We're having technical difficulties with our radio livestream and are working hard to fix it. In the meantime, you can listen live at npr.org or Watch Live: Ousted Ambassador Appears In Trump Impeachment Probe
Jonas Salk’s Life, Career Explored In New Biography
Thursday, October 29, 2015
Credit: Salk Institute for Biological Studies
We're sorry. This audio clip is no longer available. A transcript for audioclip 25718 has been made available.
As celebrations wind down marking the 100th anniversary of the birth of Jonas Salk, a new biography explores the many facets of the man who has been forever linked to San Diego's history.
The fame from his polio vaccine discovery in 1955 followed to the Salk Institute for Biological Studies in La Jolla. His name has been associated with how San Diego has developed into a center of science and culture.
“His mother told him he was born with a call — a destiny,” Charlotte DeCroes Jacobs, author of the “Jonas Salk: A Life,” told KPBS Midday Edition on Thursday. “He believed her.”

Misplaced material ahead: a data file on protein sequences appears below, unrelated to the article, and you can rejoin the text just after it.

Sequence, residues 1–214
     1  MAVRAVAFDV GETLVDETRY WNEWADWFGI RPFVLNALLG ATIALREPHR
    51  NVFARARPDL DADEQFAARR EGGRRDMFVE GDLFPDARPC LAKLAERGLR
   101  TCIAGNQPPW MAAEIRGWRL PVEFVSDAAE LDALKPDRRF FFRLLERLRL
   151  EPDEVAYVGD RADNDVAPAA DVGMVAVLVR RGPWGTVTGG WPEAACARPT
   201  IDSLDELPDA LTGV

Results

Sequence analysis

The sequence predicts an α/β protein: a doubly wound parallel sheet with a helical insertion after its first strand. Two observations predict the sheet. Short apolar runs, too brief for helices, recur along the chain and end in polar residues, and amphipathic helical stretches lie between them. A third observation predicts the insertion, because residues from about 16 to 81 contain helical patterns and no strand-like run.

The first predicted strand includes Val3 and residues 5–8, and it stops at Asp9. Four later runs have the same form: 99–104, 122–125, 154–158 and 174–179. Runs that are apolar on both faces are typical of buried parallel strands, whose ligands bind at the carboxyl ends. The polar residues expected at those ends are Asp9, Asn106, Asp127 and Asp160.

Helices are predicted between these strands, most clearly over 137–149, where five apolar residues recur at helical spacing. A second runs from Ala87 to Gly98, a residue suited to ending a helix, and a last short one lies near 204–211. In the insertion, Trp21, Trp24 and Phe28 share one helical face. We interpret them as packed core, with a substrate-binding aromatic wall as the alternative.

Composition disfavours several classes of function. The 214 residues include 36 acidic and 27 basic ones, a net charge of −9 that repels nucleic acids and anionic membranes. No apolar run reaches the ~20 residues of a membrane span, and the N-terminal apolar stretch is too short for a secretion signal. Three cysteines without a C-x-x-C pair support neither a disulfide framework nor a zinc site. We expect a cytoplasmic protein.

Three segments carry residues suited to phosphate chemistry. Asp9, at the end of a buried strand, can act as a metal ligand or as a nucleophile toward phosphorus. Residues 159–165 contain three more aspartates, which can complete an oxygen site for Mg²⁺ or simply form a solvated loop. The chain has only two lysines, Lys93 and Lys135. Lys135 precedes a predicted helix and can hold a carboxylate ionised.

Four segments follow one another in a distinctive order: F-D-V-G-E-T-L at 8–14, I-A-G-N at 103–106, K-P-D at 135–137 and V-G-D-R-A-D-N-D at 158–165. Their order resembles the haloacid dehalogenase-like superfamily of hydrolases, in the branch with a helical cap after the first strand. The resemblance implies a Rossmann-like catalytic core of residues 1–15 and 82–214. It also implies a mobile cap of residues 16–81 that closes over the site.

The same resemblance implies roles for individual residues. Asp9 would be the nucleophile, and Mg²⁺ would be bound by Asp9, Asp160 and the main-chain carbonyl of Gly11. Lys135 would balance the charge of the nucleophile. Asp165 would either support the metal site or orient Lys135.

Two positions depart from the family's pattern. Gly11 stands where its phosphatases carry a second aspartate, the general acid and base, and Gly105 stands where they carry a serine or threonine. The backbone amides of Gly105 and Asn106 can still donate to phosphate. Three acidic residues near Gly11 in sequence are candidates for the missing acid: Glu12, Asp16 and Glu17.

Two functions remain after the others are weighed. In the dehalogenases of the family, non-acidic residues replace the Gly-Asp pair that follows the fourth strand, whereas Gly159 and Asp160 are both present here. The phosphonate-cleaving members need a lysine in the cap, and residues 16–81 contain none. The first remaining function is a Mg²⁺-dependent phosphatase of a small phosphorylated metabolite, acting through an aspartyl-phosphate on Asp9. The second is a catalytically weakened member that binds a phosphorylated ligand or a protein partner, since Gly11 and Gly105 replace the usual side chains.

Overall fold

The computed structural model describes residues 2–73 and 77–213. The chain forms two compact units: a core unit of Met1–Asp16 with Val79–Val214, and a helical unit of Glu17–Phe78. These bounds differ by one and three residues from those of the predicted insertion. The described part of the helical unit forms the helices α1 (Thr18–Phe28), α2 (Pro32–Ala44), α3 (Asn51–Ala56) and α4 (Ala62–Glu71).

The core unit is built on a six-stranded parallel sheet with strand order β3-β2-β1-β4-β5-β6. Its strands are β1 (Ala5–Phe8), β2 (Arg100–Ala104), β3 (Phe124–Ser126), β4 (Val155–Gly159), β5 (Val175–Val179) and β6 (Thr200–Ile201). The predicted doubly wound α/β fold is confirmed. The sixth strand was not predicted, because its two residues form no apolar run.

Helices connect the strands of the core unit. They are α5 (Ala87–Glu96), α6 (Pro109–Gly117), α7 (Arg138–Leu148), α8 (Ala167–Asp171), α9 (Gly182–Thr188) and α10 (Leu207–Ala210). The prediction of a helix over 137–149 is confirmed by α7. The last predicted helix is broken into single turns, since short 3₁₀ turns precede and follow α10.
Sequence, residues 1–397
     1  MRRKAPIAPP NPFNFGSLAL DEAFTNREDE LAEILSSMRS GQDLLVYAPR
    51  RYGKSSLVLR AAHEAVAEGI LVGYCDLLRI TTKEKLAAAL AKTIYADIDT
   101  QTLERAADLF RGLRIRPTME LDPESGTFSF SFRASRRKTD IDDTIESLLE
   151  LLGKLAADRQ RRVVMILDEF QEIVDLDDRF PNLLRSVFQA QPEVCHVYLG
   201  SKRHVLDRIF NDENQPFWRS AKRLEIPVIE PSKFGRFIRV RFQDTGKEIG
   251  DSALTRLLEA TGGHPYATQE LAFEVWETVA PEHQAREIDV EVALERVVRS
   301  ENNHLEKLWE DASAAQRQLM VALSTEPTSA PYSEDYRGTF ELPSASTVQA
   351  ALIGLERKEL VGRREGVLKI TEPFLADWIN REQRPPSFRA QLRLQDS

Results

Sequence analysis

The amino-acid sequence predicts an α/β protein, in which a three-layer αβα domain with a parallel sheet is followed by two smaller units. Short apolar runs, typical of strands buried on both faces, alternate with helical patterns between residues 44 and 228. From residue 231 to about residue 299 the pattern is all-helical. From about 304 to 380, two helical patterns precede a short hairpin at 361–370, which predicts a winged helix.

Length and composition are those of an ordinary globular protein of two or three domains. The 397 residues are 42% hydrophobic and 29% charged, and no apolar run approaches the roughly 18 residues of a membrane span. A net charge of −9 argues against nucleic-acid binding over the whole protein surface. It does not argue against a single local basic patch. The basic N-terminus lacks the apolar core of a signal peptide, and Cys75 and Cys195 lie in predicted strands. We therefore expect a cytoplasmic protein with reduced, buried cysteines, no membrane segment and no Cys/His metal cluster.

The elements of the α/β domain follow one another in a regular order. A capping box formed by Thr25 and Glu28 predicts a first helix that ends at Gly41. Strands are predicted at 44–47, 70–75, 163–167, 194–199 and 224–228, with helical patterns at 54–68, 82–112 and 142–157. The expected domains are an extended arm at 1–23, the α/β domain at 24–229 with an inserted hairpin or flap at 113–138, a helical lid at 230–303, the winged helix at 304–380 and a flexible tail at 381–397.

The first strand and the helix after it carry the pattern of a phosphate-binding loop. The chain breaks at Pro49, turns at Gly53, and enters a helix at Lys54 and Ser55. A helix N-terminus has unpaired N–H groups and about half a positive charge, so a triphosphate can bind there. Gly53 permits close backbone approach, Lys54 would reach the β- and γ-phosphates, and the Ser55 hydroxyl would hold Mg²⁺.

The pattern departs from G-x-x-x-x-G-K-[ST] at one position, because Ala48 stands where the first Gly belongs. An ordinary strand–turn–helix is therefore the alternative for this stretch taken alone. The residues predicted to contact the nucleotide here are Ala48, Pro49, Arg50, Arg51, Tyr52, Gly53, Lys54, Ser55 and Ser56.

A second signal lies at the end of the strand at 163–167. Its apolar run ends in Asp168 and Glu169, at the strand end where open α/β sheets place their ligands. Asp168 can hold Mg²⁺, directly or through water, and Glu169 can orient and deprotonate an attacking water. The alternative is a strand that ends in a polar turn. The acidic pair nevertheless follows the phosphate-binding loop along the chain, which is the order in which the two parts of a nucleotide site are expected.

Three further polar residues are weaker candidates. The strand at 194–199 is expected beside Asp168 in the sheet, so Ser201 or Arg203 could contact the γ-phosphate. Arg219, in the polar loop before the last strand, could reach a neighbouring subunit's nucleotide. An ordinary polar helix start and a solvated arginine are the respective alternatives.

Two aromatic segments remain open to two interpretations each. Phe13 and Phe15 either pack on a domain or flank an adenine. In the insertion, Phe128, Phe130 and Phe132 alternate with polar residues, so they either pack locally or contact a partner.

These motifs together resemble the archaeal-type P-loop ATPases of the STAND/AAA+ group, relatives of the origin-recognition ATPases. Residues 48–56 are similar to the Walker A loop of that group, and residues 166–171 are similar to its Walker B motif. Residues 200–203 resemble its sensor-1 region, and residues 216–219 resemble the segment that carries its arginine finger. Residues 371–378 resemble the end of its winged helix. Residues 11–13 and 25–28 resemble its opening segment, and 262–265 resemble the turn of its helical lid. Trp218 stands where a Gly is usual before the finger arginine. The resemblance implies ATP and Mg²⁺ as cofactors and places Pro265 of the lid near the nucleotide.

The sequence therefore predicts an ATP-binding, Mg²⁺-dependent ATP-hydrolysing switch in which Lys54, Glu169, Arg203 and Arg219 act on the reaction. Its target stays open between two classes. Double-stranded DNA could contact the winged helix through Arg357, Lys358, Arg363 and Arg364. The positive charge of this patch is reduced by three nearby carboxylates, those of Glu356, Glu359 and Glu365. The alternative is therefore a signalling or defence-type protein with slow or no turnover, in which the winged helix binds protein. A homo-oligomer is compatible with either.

Jacobs said Salk initially had an interest in practicing law but fell in love with science during his time at City College of New York.
“When he got into medical school, he just shined. He knew he wanted to do research. He wanted to make major changes that would affect the population,” said Jacobs, emeritus professor of medicine at Stanford University.
Jacobs said Salk stood out from his peers because he wanted to conduct research — not start a practice like most medical students.
That research paid off when he created the polio vaccine.
In the late 1940s and 1950s, polio epidemics increased in size and frequency before Salk discovered the vaccine. The disease left children paralyzed. Doctors used a tank respirator known as an Iron Lung to treat young patients. Some cases resulted in death.
In 1952 alone, nearly 60,000 children were infected with the virus. Thousands were paralyzed, and more than 3,000 died, according to the Centers for Disease Control and Prevention.
After the vaccine was introduced in 1955, the number of cases rapidly declined. Health officials reported less than 2,500 cases in 1957. Only 61 cases of paralytic polio were reported by 1965.
“The world went crazy,” Jacobs said. “He became overnight an international hero.”
Polio has been eradicated in the U.S., but there are still cases in several other countries. The last U.S. case was reported in 1979.
To view PDF documents, Download Acrobat Reader.